Home  »  Poems of Places An Anthology in 31 Volumes  »  The Heart of King Robert Bruce

Henry Wadsworth Longfellow, ed. Poems of Places: An Anthology in 31 Volumes.
Spain, Portugal, Belgium, and Holland: Vols. XIV–XV. 1876–79.

Introductory to Spain

The Heart of King Robert Bruce

By Lydia Huntley Sigourney (1791–1865)

KING ROBERT bore with gasping breath

The strife of mortal pain,

And, gathering round the couch of death,

His nobles mourned in vain.

Bathed were his brows in chilling dew

As thus he faintly cried,

“Red Comyn in his sins I slew

At the high altar’s side.

“For this a vow my soul hath bound

In armed lists to ride,

A warrior to that Holy Ground

Where my Redeemer died:

Lord James of Douglas, see! we part!

I die before my time,

I charge thee bear this pulseless heart

A pilgrim to that clime.”

He ceased, for lo! in close pursuit,

With fierce and fatal strife,

He came, who treads with icy foot

Upon the lamp of life.

The brave Earl Douglas, trained to meet

Dangers and perils wild,

Now kneeling at his sovereign’s feet

Wept as a weaned child.

Beneath Dunfirmline’s hallowed nave,

Enwrapt in cloth of gold,

The Bruce’s relics found a grave

Deep in their native mould;

But locked within its silver vase,

Next to Lord James’s breast,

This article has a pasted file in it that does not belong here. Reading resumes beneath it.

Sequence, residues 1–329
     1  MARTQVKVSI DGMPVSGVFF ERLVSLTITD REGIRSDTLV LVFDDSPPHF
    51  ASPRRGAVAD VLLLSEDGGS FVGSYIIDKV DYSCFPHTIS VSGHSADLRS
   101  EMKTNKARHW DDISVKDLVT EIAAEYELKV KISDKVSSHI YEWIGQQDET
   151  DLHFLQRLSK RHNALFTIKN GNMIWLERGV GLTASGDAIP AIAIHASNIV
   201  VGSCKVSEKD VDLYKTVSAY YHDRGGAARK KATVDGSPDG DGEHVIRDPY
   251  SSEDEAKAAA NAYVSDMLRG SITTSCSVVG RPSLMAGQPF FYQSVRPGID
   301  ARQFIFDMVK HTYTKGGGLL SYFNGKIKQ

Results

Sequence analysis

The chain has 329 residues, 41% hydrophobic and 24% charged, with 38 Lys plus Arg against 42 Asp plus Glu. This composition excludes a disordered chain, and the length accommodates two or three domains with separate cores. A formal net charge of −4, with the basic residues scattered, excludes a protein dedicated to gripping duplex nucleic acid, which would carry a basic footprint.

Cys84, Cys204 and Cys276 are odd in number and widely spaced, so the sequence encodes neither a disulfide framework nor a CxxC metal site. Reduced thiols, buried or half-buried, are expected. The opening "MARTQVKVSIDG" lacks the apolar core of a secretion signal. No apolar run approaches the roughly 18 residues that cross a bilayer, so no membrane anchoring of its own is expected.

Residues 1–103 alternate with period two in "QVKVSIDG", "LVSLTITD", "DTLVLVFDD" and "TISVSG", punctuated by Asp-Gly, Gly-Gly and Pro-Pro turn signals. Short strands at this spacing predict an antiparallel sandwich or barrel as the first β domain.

His heart went journeying on apace,

In Palestine to rest.

While many a noble Scottish knight,

With sable shield and plume,

Rode as its guard in armor bright

To kiss their Saviour’s tomb.

As on the scenery of Spain

They bent a traveller’s eye,

Forth came in bold and glorious train,

Her flower of chivalry.

Led by Alphonso ’gainst the Moor,

They came in proud array,

And set their serried phalanx sure

To bide the battle-fray.

“God save ye now, ye gallant band

Of Scottish warriors true,

Good service for the Holy Land

Ye on this field may do.”

So with the cavalry of Spain

In brother’s grasp they closed,

And the grim Saracen in vain

Their blended might opposed;

But Douglas, with his falcon-glance

O’erlooking crest and spear,

Saw brave St. Clair with broken lance,

That friend from childhood dear.

He saw him by a thousand foes

Opprest and overborne,

And high the blast of rescue rose

From his good bugle-horn;

And reckless of the Moorish spears

In bristling ranks around,

His monarch’s heart oft steeped in tears

He from his neck unbound,

And flung it toward the battle front,

And cried with panting breath,

“Pass first, my liege, as thou wert wont,—

I follow thee to death.”

Stern Osmyn’s sword was dire that day,

And keen the Moorish dart,

And there Earl Douglas bleeding lay

Beside the Bruce’s heart.

Embalmed with Scotland’s flowing tears,

That peerless champion fell,

And still the lyre to future years

His glorious deeds shall tell.

The “good Lord James” that honored name

Each Scottish babe shall call,

And all who love the Bruce’s fame

Shall mourn the Douglas’ fall.